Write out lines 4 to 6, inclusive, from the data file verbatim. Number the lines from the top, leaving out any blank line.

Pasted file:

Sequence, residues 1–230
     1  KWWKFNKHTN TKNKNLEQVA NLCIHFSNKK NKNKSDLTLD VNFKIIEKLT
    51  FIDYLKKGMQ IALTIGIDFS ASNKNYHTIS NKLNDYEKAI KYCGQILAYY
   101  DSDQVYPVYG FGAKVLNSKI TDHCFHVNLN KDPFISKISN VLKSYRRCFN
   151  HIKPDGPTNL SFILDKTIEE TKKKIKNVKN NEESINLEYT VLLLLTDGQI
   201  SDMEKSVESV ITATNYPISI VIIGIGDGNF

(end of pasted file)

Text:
   101  DSDQVYPVYG FGAKVLNSKI TDHCFHVNLN KDPFISKISN VLKSYRRCFN
   151  HIKPDGPTNL SFILDKTIEE TKKKIKNVKN NEESINLEYT VLLLLTDGQI
   201  SDMEKSVESV ITATNYPISI VIIGIGDGNF